Europol to help probe Malta journalist's death
By MIKE CORDER
Oct. 27, 2017
VALLETTA, Malta (AP) — Europol, the European Union's police agency, has sent a team of organized crime experts to help Maltese police investigate the assassination of a prominent investigative journalist, a spokesman said Friday.
Daphne Caruana Galizia died Oct. 16 when a bomb shattered her car as she was driving close to her rural home in the Maltese town of Mosta. The slaying sparked outrage in Malta, where she was well known as a dogged crusader against corruption.
Europol spokesman Jan Op Gen Oorth told The Associated Press that a team of three analysts has access to Europol's databases on organized crime, drugs, money laundering and other major criminal threats.
"They are working directly with the investigation team established by Malta police and their task is to support the investigation wherever it may lead," Op Gen Oorth said.
The FBI and Dutch forensic experts also have helped local police as they investigate a slaying that was widely denounced as an attack on free speech. So far authorities have not identified any suspects or a motive.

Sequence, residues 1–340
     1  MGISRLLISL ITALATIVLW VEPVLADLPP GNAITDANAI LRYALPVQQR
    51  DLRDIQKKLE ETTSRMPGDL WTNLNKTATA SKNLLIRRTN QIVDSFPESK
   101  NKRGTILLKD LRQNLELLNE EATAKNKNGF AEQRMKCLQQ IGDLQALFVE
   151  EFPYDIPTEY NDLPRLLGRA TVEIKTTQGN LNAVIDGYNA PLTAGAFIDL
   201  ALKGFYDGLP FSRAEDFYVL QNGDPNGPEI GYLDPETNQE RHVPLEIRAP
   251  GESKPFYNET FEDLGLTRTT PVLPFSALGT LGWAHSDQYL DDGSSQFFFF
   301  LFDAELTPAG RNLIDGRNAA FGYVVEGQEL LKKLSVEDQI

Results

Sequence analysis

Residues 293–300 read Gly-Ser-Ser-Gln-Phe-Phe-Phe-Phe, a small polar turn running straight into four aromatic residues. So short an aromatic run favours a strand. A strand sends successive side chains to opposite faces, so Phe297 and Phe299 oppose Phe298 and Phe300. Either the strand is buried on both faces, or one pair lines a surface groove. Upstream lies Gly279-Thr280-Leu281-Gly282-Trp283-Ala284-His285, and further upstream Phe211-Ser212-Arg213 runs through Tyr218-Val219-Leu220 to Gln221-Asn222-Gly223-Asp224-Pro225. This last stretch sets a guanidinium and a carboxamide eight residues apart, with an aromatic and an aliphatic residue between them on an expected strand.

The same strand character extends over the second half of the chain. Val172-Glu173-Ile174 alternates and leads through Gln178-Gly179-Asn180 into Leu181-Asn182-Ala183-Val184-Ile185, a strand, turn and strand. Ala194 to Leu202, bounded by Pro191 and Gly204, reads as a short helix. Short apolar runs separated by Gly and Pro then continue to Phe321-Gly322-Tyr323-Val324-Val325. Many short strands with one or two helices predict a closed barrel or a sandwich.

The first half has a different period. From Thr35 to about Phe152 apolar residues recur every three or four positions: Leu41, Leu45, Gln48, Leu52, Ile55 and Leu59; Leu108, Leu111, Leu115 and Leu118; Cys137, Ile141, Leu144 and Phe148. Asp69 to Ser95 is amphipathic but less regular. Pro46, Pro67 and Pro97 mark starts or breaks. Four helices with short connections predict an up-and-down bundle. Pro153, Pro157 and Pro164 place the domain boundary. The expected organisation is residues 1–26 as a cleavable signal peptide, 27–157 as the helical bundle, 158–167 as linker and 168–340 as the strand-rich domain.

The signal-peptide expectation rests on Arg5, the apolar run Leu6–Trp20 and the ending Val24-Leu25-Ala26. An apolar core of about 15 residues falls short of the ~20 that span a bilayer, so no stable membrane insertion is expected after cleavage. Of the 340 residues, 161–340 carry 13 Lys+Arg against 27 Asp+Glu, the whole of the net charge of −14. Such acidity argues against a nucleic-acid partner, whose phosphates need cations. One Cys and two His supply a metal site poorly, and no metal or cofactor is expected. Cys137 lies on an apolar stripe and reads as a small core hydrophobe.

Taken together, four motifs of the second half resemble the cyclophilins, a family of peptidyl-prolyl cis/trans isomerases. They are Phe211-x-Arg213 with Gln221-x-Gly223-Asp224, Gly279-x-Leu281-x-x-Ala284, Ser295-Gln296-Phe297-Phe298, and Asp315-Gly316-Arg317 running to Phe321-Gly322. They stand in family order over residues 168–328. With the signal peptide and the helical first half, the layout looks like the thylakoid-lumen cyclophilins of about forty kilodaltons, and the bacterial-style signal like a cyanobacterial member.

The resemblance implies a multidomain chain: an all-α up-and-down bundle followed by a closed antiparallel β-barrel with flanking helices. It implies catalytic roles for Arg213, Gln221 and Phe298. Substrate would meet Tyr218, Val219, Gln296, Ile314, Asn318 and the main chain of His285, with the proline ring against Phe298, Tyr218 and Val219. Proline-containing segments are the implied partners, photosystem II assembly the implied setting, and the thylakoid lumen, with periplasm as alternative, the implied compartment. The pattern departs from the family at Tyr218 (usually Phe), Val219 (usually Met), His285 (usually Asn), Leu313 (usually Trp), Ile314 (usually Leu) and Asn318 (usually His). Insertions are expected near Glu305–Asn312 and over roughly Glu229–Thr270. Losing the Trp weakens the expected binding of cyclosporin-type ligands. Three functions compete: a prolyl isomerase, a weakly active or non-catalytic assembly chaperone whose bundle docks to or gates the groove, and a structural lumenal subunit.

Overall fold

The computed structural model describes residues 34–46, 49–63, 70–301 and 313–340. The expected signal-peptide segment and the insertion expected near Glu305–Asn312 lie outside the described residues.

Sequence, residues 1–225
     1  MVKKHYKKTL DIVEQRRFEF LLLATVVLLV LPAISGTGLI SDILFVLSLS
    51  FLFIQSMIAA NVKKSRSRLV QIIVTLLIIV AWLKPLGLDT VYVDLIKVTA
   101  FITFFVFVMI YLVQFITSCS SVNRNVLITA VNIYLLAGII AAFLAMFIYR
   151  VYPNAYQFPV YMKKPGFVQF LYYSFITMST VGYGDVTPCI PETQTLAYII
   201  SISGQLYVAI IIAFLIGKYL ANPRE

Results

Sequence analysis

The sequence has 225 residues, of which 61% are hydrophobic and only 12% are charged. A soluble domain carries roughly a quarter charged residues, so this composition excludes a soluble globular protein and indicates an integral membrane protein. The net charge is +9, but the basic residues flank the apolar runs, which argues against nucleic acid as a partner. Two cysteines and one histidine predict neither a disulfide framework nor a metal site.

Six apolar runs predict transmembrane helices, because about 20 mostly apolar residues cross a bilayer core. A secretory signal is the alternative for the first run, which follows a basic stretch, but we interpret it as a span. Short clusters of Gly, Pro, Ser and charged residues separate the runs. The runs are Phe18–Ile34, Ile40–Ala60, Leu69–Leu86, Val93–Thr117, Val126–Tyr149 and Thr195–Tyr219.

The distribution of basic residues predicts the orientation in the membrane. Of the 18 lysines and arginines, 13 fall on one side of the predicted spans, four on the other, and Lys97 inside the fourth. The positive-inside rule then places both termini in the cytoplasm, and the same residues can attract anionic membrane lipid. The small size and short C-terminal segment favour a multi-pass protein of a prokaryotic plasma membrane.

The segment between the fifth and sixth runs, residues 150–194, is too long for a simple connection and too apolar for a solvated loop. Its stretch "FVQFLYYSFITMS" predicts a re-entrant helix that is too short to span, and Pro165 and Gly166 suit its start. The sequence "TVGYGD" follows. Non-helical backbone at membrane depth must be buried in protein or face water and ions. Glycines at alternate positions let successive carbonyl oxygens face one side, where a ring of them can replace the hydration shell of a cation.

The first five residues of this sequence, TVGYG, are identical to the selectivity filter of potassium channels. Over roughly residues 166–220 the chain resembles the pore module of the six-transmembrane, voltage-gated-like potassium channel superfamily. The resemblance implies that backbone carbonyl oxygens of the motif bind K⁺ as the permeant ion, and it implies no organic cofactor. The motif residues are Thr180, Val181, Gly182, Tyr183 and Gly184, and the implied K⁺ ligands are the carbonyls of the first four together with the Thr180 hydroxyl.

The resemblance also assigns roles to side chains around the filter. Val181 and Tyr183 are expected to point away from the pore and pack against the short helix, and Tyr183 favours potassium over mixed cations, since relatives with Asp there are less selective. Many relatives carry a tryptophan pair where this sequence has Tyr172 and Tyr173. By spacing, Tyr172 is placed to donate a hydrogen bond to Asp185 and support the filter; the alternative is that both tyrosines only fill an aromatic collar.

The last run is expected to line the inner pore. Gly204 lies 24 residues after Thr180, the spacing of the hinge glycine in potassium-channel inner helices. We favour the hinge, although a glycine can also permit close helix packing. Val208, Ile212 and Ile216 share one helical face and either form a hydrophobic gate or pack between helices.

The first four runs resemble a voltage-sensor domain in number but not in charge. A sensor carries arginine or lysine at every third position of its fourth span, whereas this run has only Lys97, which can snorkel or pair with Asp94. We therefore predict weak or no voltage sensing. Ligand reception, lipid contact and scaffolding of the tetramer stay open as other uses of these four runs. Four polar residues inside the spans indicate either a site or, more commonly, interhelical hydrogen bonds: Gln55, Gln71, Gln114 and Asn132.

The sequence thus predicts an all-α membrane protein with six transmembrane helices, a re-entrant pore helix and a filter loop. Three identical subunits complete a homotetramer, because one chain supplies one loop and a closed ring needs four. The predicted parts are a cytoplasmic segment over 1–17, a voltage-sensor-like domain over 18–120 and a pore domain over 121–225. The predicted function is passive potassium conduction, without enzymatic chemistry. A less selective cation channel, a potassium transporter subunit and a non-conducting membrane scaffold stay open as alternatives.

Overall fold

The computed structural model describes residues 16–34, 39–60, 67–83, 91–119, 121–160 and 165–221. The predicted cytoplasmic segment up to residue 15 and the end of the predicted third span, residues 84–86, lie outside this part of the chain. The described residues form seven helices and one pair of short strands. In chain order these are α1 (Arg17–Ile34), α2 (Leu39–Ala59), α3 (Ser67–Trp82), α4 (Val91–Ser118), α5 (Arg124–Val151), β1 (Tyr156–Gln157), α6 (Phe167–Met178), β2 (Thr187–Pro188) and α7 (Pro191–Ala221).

Prime Minister Joseph Muscat, a frequent target of Caruana Galizia's writing, vowed last week that no stone will be left unturned in the investigation. Home Minister Michael Farrugia said that the police force had been given a "blank check to do whatever it takes" to solve the crime.
Carauna Galizia's family however have called for Muscat to resign, saying in a Facebook post last week: "A government and a police force that failed our mother in life will also fail her in death. The people who for as long as we can remember sought to silence our mother cannot now be the ones to deliver justice."
Investigators have been looking at similarities with other car bombings in Malta over the last two years — six in all, including Caruana Galizia's. None have been solved.
Caruana Galizia's stories in the past had covered issues including Malta's reputation as a tax haven, its cozy links with nearby lawless Libya and offshore holdings of government officials uncovered by the Panama Papers leak.